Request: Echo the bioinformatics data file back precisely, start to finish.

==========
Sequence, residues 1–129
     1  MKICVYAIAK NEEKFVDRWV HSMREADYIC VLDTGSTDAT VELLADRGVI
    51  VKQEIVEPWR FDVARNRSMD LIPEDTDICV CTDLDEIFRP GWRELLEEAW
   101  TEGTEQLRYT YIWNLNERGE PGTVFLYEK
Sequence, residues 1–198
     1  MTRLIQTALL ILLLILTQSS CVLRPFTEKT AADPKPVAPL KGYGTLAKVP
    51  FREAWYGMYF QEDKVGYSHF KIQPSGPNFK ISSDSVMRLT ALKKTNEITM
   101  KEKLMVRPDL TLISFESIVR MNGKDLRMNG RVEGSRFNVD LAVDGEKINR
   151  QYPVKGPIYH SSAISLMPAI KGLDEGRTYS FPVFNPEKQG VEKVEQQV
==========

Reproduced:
Sequence, residues 1–129
     1  MKICVYAIAK NEEKFVDRWV HSMREADYIC VLDTGSTDAT VELLADRGVI
    51  VKQEIVEPWR FDVARNRSMD LIPEDTDICV CTDLDEIFRP GWRELLEEAW
   101  TEGTEQLRYT YIWNLNERGE PGTVFLYEK
Sequence, residues 1–198
     1  MTRLIQTALL ILLLILTQSS CVLRPFTEKT AADPKPVAPL KGYGTLAKVP
    51  FREAWYGMYF QEDKVGYSHF KIQPSGPNFK ISSDSVMRLT ALKKTNEITM
   101  KEKLMVRPDL TLISFESIVR MNGKDLRMNG RVEGSRFNVD LAVDGEKINR
   151  QYPVKGPIYH SSAISLMPAI KGLDEGRTYS FPVFNPEKQG VEKVEQQV